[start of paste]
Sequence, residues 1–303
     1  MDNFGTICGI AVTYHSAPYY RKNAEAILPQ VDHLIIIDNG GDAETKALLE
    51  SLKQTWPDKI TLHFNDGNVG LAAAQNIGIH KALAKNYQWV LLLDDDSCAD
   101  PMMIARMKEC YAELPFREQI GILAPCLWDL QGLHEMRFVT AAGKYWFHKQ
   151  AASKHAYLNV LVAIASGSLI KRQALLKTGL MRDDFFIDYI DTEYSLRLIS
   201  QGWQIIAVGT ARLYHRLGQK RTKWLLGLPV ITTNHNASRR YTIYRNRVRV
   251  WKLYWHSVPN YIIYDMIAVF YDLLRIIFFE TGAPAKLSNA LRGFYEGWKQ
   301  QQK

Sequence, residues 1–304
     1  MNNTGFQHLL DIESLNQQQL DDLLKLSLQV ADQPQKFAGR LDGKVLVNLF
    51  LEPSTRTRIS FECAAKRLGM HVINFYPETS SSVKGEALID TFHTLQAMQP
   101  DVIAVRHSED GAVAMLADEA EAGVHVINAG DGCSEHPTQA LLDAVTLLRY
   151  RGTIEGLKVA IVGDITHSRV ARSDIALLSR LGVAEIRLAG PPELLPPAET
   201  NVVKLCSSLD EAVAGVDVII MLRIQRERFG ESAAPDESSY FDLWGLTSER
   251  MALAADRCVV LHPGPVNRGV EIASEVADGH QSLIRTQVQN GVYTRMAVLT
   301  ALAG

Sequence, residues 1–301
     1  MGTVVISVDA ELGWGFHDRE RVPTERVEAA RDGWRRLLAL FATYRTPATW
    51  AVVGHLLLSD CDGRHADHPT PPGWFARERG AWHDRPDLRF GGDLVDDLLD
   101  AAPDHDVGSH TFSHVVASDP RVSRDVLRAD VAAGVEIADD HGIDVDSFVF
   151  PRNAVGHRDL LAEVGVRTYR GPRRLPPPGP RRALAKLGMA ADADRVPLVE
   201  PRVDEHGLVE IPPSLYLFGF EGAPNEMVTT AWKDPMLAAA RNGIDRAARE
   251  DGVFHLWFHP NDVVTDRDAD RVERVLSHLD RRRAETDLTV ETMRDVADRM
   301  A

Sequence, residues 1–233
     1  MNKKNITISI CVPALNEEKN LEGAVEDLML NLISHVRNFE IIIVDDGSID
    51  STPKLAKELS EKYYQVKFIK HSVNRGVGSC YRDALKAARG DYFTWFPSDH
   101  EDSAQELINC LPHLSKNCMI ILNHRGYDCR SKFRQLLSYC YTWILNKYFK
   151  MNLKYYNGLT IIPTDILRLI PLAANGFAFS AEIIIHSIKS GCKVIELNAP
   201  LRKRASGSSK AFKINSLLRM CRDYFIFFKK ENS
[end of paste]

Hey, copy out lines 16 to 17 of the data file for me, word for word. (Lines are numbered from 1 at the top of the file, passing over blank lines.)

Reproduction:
   301  ALAG

Sequence, residues 1–301